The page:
Computational and ground-based experimental investigations of the effects of specified and unspecified (free) conditions at exit for condensing flows in terrestrial and micro-gravity environments
Reported experimental and computational results confirm that both the flow features and heat transfer rates inside a condenser depend on the specification of inlet, wall, and exit conditions. The theoretical and experimental results presented in this paper allow us to propose important exit condition based categorization of these flows. Of these, category II flows are defined to be cases for which exit pressures are left unspecified. However it is shown here that steady flows under specified exit pressure conditions (category I flows) are more stable and can be more easily achieved under all conditions (normal or zero-gravity). Existence of self-selected exit pressure conditions for unspecified exit condition cases (category II flows) are more difficult to achieve and are often limited to gravity driven flows. In practice, however, special hardware arrangements are required for repeatable realization of both these categories of flow. If this is not so, one often has an inadvertent category I flow (flows with specified exit pressure) without the explicit knowledge of the exit pressure value. For microgravity situations, the remedy is to run condensers under suitably specified inlet and exit pressures (category I conditions) as well as a proper cooling strategy (i.e., proper wall temperature variations).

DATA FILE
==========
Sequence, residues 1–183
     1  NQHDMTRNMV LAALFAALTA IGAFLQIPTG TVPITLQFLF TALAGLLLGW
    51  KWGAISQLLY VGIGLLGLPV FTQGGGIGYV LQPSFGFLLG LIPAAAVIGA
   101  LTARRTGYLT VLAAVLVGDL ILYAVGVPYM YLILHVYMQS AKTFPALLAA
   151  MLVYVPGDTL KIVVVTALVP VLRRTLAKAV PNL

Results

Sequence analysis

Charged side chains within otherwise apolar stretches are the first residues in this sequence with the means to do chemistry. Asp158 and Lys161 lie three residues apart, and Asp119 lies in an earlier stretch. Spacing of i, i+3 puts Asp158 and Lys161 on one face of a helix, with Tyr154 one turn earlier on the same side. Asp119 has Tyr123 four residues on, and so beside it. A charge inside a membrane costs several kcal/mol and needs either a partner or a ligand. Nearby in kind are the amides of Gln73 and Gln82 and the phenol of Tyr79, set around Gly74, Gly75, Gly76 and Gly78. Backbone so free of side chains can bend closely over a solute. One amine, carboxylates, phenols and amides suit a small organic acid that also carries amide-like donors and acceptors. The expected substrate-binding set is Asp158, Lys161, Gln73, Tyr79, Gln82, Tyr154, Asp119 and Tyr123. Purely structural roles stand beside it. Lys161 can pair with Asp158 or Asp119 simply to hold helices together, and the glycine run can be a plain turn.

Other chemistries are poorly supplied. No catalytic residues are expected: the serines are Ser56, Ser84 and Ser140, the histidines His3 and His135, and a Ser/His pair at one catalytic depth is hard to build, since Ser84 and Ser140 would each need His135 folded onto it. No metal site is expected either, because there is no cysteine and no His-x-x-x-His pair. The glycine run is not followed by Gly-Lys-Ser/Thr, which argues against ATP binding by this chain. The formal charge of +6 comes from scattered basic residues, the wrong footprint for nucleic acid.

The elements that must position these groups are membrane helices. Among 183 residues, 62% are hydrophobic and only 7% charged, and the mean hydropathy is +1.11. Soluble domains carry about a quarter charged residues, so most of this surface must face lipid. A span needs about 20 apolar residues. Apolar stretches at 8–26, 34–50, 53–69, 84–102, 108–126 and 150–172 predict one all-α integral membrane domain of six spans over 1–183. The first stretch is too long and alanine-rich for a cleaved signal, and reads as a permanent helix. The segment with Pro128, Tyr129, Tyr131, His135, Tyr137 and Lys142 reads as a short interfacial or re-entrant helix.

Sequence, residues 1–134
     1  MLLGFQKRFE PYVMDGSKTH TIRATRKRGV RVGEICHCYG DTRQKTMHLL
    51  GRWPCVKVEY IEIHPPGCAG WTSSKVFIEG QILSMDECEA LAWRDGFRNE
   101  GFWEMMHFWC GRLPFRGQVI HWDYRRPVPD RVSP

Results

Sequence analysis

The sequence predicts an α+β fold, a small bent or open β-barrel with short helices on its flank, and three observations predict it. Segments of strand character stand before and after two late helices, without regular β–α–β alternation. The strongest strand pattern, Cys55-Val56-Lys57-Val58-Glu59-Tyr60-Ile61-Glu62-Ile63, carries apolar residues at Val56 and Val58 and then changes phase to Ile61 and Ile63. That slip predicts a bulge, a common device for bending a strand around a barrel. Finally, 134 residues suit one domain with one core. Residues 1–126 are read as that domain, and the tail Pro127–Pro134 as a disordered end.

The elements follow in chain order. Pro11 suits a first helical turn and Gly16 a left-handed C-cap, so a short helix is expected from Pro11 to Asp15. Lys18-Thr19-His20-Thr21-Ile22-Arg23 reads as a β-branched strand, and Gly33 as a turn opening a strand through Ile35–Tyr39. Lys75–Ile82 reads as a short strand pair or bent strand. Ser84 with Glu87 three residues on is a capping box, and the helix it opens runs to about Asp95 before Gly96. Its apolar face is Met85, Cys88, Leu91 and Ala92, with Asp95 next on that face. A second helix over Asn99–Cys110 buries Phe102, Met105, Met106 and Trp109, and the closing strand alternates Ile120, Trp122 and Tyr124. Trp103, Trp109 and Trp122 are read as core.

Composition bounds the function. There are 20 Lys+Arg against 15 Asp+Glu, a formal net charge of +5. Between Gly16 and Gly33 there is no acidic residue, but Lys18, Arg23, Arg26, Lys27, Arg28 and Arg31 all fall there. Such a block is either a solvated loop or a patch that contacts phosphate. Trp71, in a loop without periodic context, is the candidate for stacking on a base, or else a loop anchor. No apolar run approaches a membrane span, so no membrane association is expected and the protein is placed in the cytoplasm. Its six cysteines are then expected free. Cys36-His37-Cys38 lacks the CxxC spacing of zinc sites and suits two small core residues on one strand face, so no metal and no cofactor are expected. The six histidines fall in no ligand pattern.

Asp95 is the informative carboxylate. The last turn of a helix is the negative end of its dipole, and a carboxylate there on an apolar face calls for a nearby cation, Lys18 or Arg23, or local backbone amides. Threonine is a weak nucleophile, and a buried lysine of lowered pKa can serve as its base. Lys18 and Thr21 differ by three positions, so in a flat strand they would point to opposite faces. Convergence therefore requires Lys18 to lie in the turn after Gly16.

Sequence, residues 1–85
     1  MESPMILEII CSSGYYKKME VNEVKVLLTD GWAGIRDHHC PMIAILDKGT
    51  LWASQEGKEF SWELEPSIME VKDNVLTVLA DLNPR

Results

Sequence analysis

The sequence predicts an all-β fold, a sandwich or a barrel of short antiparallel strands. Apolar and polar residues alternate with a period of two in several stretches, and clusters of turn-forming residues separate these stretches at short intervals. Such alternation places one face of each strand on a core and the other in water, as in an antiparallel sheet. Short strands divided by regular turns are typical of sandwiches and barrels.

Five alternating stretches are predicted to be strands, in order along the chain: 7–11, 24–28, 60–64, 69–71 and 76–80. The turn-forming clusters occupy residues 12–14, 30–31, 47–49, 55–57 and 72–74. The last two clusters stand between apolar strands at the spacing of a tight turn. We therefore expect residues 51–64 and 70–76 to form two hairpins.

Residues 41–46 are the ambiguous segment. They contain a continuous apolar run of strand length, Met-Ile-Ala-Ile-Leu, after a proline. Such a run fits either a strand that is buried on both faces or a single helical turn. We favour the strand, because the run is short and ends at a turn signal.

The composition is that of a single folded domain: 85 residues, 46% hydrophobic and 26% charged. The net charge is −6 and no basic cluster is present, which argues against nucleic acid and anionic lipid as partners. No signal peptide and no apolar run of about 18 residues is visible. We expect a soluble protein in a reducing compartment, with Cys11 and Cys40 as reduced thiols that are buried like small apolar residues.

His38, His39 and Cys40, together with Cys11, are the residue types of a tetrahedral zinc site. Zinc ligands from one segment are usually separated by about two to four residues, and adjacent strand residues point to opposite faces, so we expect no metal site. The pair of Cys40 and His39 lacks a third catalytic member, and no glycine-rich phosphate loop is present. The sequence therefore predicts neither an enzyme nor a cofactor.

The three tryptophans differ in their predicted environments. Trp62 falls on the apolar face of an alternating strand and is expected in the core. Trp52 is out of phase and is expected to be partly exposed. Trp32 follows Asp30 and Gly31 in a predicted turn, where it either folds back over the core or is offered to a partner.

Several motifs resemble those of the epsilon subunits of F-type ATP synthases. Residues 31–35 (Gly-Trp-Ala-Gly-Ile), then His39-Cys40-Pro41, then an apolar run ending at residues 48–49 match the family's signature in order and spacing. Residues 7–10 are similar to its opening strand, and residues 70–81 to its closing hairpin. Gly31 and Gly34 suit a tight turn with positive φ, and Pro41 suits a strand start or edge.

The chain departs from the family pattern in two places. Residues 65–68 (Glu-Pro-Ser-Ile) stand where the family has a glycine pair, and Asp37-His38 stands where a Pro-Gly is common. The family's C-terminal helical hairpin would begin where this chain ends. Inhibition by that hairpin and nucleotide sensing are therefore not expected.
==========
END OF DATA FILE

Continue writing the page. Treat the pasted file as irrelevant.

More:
Annals of the New York Academy of Sciences
Kulkarni, A. V.,
Mitra, S. A.,
Kivisalu, M. T.
Computational and ground-based experimental investigations of the effects of specified and unspecified (free) conditions at exit for condensing flows in terrestrial and micro-gravity environments.
Annals of the New York Academy of Sciences,
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